I have a the above mentioned NUC running for a couple of weeks now and I have observed in this time:
a) it is very loud on the default BIOS settings and CPU temperatures data in HWiNFO64 shows red numbers and thermal throttling all the time. When HWiNFO shows red numbers at no particular workload that can't be right and normal - I think processor hitting limits should be only an exception, not when loading into windows or starting Defender quick scan for example. It thermally throttled very soon after starting benchmark stgress tests - again turning everything red in HWiNFO.
b) I have used fan settings from @n_scott_pearson (disable fan off, 68C, 20%, 4%) AND lowered the PL1 and PL2 to values described in spec. sheet of the processor taken from the Intel website. The specs say TDP is 15W and charts in spec sheet say PL1 should be 15W and PL2 should be 15 * 1,25. With these settings NUC is bearable most of the time and tamperatures stay in the black, not red. With these settings at idle (while reading a website) it can go down to 37, but mostly stays in 40-55. If I leave the computer it soon starts spinning the fans and temps go higher but never to the limits - max was 88 during one week of operation.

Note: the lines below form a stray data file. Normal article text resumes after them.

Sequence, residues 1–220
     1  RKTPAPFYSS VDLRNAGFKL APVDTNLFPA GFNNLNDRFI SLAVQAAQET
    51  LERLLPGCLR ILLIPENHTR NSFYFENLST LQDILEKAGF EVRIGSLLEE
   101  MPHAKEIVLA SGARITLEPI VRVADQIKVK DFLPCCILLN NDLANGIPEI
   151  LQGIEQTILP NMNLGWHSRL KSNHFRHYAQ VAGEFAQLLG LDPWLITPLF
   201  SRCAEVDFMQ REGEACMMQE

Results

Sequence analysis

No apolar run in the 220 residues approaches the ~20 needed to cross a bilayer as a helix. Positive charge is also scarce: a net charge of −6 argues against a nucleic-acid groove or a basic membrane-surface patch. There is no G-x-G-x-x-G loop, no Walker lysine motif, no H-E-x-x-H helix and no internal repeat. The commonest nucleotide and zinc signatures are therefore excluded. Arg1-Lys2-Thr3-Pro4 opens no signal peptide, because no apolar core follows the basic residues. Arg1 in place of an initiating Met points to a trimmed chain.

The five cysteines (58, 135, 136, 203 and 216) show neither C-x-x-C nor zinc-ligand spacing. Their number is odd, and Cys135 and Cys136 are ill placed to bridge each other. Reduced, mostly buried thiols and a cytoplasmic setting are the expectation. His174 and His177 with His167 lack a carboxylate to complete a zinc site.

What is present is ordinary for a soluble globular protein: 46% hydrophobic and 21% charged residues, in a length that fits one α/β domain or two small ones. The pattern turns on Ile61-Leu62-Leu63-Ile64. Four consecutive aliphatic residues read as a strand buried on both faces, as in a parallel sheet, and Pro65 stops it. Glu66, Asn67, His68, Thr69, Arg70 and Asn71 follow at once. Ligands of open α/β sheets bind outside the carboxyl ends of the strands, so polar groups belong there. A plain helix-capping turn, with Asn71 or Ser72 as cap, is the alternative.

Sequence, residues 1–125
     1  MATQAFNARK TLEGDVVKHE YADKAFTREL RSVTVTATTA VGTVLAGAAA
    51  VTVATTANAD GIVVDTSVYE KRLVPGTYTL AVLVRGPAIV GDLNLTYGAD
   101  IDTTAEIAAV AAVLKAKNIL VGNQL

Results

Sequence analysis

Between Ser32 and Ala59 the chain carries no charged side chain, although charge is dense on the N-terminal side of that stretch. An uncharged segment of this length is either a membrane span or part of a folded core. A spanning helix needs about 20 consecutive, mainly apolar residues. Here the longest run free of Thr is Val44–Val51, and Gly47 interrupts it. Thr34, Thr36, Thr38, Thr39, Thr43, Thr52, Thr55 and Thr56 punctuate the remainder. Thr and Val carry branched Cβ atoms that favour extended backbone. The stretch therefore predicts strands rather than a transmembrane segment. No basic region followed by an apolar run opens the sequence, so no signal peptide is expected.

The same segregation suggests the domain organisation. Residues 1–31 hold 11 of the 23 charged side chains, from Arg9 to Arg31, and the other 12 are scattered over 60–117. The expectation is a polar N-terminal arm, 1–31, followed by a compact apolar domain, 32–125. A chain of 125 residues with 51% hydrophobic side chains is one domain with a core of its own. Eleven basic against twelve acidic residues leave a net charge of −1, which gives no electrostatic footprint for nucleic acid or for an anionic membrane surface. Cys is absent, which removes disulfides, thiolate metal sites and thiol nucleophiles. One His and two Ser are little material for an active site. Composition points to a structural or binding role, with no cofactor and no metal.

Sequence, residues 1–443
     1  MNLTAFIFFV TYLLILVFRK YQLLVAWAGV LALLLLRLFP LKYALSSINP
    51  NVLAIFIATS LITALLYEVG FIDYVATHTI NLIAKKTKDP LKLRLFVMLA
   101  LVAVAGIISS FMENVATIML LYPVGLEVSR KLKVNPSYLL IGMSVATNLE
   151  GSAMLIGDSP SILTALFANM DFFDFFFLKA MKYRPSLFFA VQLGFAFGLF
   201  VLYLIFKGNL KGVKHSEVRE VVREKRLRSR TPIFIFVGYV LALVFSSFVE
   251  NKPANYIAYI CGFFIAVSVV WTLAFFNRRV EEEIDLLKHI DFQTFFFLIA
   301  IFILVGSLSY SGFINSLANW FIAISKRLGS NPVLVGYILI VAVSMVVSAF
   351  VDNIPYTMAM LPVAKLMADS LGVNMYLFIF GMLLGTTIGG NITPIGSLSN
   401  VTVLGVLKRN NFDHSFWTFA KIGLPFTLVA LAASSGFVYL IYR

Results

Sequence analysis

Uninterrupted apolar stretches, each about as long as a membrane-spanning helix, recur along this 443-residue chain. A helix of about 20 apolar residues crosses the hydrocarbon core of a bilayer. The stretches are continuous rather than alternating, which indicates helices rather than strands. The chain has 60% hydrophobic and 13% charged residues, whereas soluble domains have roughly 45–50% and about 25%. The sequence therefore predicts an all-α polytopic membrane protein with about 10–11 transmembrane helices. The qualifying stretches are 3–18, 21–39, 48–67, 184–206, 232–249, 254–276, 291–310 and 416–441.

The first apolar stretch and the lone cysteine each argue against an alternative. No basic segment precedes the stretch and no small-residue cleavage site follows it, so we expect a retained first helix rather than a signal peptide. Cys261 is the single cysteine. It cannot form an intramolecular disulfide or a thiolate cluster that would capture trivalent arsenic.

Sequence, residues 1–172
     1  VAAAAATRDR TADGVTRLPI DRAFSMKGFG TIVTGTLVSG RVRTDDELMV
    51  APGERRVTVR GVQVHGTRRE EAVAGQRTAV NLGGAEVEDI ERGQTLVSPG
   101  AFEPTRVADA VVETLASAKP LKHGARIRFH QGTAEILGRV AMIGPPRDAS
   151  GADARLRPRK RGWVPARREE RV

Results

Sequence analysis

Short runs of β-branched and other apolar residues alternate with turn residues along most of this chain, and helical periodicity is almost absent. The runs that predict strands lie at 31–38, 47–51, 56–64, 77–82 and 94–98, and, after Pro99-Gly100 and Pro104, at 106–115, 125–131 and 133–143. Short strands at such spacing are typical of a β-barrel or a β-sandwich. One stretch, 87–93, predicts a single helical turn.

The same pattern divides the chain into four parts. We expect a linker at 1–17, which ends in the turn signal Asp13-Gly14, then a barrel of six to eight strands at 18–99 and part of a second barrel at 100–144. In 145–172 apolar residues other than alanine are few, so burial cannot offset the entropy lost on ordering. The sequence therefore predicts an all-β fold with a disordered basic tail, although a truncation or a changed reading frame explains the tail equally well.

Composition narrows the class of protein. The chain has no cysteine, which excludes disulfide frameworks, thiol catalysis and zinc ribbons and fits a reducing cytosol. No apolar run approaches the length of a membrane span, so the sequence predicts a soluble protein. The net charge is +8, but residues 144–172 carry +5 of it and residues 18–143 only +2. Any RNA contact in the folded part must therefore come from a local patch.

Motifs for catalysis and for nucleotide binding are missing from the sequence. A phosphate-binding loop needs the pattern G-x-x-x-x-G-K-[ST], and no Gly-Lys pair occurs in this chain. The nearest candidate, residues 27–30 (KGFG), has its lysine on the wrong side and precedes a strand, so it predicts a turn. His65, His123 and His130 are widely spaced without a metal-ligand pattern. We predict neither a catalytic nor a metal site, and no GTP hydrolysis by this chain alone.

c) NUC goes to sleep but half-wakes all the time, spinning up fans for periods of time (minutes). I discovered that is connected to "modern standby".
I see it as a problem: NUC with settings described under b) mostly stays relatively cool and quiet with most things I do (Office software, Adobe apps - but nothing too heavy - the most work it does is moving bunch of vectors with effects round and applying effects in Illustrator). Soon after I leave the computer for a while fans go up to moderately to very audible levels, maximum sometimes. The same happens when NUC goes to sleep: it sleeps and the power button flashes - the cooling fan is on but at a minimum. Then after a while the power button stops flashing and the fans go louder to very audible levels and stay that way. The monitor doesn't turn on - it looks like it sleeps but in fact it is working heavier than when I was working with it. The fans subside eventually and power button either stays on (monitor is off all the time and doesn't turn on until I "wake" the computer) or starts flashing again at which point NUC is the most quiet - although fan remains on even when power button is flashing ans thus signaling it is in deep sleep mode. Fans go completely off only if NUC is shut down.